let layout = Layout::for_metadata(meta)?;
        if layout.fits_in(LAYOUT) {
        } else {
            let meta = self.outline.create(meta)?;
            Ok(NonNull::from_raw_parts(layout.dangling(), meta))

    fn destroy(&mut self, handle: Self::Handle<T>) {
        let meta = handle.metadata();
        let layout = Layout::for_metadata(meta)?;
        if layout.fits_in(LAYOUT) {
        } else {

    fn resolve(&self, handle: Self::Handle<T>) -> ptr::NonNull<T> {
        let meta = handle.metadata();
        let layout = Layout::for_metadata(meta)?;
        if layout.fits_in(LAYOUT) {
        } else {
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... and maybe a type alias for convenience ...

type Dyn<T: ?Sized> = Box<T, SmallStorage<Layout::new::<usize>()>>;
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We have the functionality of dyn* as a library type! Instead of dyn* Trait, we have Dyn<dyn Trait> (the stutter is unfortunate3). This is our type that is

  • The size of Box<dyn Trait>,
  • Stores small values of dyn Trait inline, and
  • Owns the storage of dyn Trait, dellocating it on drop.

Cool Bear Says But wait, you're still missing something.

What, Cool Bear?

Cool Bear Says dyn* can hold any smart pointer, not just Box. You said so yourself!

Well, but there's a catch: dyn* needs to be DerefMut if it wants to fulfil its life goal of facilitating Pin<dyn* Future> usage. This means that it's restricted to single-ownership smart pointers wait hey that sounds like Box.

It's my belief that there aren't really any Pin<P<dyn Future>> types out there for a P that's not &mut or Box. I don't have any proof, just a feeling.

But the storages Dyn can be extended to support other DerefMut smart pointers, though it might require a second vtable pointer without the language support for easily wrapping the vtable into an owning vtable4.

So, storages get us the benefit of dyn* without any of the main problems with dyn*. I think that more than justifies bringing the storages API to std so we can properly spin the wheels on this design and find where it falls short. There's definitely flaws in the storages proposal I haven't spotted yet5, but we need to use it to find the rest of them.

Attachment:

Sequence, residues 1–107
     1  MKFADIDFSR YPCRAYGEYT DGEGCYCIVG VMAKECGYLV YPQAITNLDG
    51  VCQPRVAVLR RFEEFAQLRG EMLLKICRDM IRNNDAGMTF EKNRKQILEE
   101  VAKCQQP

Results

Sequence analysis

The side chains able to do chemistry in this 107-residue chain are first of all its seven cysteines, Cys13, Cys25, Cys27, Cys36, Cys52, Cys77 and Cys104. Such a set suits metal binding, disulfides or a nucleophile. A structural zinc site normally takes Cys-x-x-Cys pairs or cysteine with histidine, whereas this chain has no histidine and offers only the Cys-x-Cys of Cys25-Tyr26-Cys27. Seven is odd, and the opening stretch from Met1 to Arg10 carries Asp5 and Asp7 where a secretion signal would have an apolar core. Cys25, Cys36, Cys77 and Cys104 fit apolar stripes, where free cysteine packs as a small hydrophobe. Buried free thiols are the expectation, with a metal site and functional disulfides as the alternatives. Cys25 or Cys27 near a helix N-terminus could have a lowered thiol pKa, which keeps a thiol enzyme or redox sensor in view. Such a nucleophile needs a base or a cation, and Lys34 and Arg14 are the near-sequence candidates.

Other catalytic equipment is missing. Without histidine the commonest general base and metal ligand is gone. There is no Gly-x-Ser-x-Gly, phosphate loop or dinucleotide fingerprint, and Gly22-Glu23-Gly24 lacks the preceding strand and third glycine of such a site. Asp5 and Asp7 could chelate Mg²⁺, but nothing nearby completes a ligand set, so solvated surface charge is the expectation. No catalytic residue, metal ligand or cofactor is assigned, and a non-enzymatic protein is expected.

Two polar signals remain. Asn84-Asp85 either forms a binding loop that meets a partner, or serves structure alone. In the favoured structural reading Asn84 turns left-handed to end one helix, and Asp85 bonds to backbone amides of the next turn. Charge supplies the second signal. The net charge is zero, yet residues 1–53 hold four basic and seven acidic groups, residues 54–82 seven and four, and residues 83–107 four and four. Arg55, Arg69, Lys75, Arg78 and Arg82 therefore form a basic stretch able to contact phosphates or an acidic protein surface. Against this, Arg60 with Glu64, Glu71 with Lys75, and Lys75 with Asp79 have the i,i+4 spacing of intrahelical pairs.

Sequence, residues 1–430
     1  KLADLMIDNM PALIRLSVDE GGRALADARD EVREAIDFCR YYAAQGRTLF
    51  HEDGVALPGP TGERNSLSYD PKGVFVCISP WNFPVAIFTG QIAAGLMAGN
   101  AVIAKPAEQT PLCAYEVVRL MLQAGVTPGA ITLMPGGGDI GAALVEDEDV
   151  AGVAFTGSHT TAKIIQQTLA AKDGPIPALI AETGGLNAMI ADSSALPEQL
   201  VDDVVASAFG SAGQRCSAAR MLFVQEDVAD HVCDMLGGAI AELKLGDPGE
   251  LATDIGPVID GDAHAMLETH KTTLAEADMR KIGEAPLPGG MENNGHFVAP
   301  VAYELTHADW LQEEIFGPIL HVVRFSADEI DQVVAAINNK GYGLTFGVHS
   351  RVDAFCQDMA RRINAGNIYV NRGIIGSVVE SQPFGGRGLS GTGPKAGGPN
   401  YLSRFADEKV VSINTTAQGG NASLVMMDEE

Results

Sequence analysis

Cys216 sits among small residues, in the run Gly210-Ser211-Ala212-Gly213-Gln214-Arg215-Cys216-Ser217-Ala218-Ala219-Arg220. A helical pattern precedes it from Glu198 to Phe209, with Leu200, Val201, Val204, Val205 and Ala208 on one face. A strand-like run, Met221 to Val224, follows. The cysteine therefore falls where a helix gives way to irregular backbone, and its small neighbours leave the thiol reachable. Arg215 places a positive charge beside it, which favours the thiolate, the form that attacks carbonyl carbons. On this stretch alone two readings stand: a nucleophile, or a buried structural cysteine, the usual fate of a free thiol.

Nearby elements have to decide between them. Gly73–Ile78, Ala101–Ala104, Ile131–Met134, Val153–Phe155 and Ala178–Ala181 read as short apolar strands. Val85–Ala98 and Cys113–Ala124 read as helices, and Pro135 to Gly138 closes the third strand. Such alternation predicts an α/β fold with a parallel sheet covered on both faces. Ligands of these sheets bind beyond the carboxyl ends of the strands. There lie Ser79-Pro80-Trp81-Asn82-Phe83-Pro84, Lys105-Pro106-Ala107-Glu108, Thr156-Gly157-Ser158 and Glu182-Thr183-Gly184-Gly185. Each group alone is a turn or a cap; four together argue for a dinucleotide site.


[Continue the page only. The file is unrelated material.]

Oh, and &move also falls out of storages as Box<T, &mut MaybeUninit<T>>, so that's even more proposed language features handled by the library feature. The storage API is good.

  1. You can do clever things to avoid the from_raw shim, like with Box, where you can just call Box::drop directly, by patching up the other vtable members to take into account the container the smart pointer puts it in. However, since you use the dyn* many times and only drop it once, it seems better to just shim drop_in_place

  2. For brevity, I omit a lot of details included in the full proposal. Notably, I omit a lot of safety concerns that are put on the user, and the full proposal has static controls for whether a storage can only create a single handle at a time or manages multiple handles, whether a handle is to a single element or to a slice of elements, as well as whether you need exclusive access to the storage to get mutable access to the pointee. 

  3. In the olden days (before Rust 2018), we didn't have dyn Trait, it was just &Trait. dyn Trait is better, because you can immediately know that you're dealing with a dyn type rather than a fixed type. However, in this one specific case, omitting the dyn would allow us to write Dyn<Trait> instead, so it's impossible to say if it's good or not,, 

  4. Then remaining concern is actually unowning references like &mut dyn Trait. The important thing to note here is that Box<Type, Storage> gives us two axis of customization: I've talked here about Storage for customization of the owning memory, but Type still gives us customization over how its used. For fn(&mut dyn Trait) -> Dyn<dyn Trait>, you can wrap the vtable to remove any drop glue with e.g. ManuallyDrop<dyn Trait>. This is where language support would be useful. 

  5. In fact, I spotted one while drafting this post; as currently prototyped, storages are unsound, because the only handle resolution option is by-shared-ref and inline storages aren't using UnsafeCell, thus ultimately violating the aliasing guarantees 💣💥😱